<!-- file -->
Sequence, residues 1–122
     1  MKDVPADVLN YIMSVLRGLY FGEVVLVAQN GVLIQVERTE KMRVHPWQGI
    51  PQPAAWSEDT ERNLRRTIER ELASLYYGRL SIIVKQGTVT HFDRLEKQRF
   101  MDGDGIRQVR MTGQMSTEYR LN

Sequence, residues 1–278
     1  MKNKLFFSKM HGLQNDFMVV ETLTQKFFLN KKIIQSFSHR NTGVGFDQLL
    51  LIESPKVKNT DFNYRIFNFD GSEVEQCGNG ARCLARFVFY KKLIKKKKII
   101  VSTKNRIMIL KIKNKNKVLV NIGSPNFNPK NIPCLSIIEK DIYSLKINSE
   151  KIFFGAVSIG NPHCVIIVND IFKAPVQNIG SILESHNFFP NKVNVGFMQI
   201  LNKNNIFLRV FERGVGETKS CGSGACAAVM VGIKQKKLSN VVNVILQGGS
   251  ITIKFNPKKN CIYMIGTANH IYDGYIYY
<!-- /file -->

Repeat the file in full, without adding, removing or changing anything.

Sequence, residues 1–122
     1  MKDVPADVLN YIMSVLRGLY FGEVVLVAQN GVLIQVERTE KMRVHPWQGI
    51  PQPAAWSEDT ERNLRRTIER ELASLYYGRL SIIVKQGTVT HFDRLEKQRF
   101  MDGDGIRQVR MTGQMSTEYR LN

Sequence, residues 1–278
     1  MKNKLFFSKM HGLQNDFMVV ETLTQKFFLN KKIIQSFSHR NTGVGFDQLL
    51  LIESPKVKNT DFNYRIFNFD GSEVEQCGNG ARCLARFVFY KKLIKKKKII
   101  VSTKNRIMIL KIKNKNKVLV NIGSPNFNPK NIPCLSIIEK DIYSLKINSE
   151  KIFFGAVSIG NPHCVIIVND IFKAPVQNIG SILESHNFFP NKVNVGFMQI
   201  LNKNNIFLRV FERGVGETKS CGSGACAAVM VGIKQKKLSN VVNVILQGGS
   251  ITIKFNPKKN CIYMIGTANH IYDGYIYY